models with significant prior probability and that each of these is roughly
50% likely a priori. Even if you don't like that, in any case assume I have
two competing models of equal a priori probability. I can always just find
the conditional Bayesian probability that model #1 is true given that either
#1 or #2 is true; that's more or less what scientists traditionally do,
since they neglect the simplest [AUH] models.)
    For that I need to know the Bayesian probability that, if a given model
is true, the other information that I take as known would also be true.
This other information takes the form "I see x". Since
this is not used as a priori information, it will allow me to update my
prior. But I need the Bayesian probabilities that the information would be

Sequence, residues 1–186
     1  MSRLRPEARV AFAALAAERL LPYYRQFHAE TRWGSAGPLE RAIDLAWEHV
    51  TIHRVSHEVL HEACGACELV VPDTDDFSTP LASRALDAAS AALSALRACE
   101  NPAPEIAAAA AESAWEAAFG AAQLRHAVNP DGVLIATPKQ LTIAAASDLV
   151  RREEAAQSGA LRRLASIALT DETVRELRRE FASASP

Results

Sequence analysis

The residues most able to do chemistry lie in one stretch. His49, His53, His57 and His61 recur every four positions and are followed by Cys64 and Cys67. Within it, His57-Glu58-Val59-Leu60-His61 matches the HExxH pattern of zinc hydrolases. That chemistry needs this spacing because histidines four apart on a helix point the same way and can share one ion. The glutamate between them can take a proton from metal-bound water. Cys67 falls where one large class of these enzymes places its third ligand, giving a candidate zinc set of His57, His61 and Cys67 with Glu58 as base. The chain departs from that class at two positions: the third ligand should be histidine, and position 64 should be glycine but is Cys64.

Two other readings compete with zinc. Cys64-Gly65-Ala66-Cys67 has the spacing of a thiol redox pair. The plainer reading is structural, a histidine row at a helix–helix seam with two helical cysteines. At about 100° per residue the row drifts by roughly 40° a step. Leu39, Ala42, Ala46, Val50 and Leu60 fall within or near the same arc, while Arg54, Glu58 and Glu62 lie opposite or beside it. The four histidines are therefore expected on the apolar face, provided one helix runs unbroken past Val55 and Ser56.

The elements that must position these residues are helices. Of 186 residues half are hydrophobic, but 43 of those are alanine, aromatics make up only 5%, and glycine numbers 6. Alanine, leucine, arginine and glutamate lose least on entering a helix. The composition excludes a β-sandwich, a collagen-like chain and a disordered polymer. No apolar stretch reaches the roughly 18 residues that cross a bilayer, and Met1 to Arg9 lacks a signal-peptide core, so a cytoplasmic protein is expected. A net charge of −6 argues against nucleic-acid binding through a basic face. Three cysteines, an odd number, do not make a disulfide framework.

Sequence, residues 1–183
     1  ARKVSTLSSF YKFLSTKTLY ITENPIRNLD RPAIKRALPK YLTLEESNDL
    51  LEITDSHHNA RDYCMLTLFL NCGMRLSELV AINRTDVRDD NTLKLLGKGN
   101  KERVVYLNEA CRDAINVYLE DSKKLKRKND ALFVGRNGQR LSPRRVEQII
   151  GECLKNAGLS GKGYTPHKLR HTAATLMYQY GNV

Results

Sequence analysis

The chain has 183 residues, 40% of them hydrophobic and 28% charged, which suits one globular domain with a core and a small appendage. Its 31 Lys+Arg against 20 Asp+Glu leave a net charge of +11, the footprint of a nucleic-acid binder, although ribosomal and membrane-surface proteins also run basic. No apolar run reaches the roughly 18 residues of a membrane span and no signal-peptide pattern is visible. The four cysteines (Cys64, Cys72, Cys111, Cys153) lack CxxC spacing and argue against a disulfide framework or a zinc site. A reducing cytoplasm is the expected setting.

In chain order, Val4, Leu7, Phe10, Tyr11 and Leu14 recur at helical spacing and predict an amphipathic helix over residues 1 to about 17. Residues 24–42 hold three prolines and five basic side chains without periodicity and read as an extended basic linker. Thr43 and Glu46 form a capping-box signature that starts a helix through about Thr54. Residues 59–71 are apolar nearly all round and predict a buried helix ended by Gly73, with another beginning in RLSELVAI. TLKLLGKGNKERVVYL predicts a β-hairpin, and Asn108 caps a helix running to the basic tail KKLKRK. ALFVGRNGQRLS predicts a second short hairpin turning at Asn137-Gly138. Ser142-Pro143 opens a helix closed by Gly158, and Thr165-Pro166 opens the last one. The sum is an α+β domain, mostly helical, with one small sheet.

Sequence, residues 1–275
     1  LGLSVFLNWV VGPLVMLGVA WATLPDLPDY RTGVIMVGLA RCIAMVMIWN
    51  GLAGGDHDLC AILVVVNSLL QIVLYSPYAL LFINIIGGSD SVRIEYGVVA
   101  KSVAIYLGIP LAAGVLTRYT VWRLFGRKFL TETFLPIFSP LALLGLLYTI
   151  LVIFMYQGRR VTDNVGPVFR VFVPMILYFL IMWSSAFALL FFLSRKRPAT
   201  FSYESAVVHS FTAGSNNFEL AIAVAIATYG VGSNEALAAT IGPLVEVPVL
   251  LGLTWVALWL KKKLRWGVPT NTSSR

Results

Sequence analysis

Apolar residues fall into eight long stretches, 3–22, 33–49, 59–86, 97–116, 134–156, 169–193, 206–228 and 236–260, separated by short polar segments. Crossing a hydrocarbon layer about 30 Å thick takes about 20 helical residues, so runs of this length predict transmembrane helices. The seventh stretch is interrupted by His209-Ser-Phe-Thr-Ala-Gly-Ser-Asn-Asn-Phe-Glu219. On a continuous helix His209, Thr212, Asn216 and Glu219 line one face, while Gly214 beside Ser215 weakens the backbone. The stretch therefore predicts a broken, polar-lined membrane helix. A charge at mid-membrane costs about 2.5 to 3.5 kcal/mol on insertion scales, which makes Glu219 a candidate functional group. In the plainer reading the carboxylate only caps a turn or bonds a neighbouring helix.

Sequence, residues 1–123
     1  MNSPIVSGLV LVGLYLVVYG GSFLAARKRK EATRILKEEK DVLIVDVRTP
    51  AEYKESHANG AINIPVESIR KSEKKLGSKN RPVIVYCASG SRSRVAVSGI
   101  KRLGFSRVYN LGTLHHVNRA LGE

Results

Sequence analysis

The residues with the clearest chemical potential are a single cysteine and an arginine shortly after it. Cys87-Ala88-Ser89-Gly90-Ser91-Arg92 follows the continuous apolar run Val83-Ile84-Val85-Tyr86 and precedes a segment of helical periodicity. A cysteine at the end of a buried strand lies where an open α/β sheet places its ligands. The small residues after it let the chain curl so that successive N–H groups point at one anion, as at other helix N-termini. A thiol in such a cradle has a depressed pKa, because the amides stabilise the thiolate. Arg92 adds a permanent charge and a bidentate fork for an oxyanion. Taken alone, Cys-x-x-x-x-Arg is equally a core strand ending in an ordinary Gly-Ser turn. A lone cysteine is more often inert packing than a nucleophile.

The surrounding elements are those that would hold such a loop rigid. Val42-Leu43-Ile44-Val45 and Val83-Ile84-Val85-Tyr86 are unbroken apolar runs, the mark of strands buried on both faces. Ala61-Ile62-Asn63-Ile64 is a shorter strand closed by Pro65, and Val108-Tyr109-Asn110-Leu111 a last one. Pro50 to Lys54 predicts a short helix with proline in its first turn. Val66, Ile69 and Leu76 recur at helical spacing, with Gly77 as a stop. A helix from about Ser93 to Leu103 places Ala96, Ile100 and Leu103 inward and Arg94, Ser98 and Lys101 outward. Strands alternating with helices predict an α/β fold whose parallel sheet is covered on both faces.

true if each model were true.
    So what is the Bayesian probability that I would see x if model #1 were
true? In order to get it, I do not first assume that I see x, since then I
would get 1 and that's not what I need. So the only information I assume is
the a priori information, I am an observer-moment. That is the only other
thing I know about myself, other than the observation that I see x. So if
model #1 predicts the existance of N observer-moments, m of whom see x, I
have no a priori reason to say that any of them is more likely to be me than
the others. So the Bayesian probability that "I would see x" if model #1
were true is the effective probability, m / N.

                         - - - - - - -
               Jacques Mallah (
         Physicist / Many Worlder / Devil's Advocate
"I know what no one else knows" - 'Runaway Train', Soul Asylum
         My URL:
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Received on Mon Oct 16 2000 - 13:32:30 PDT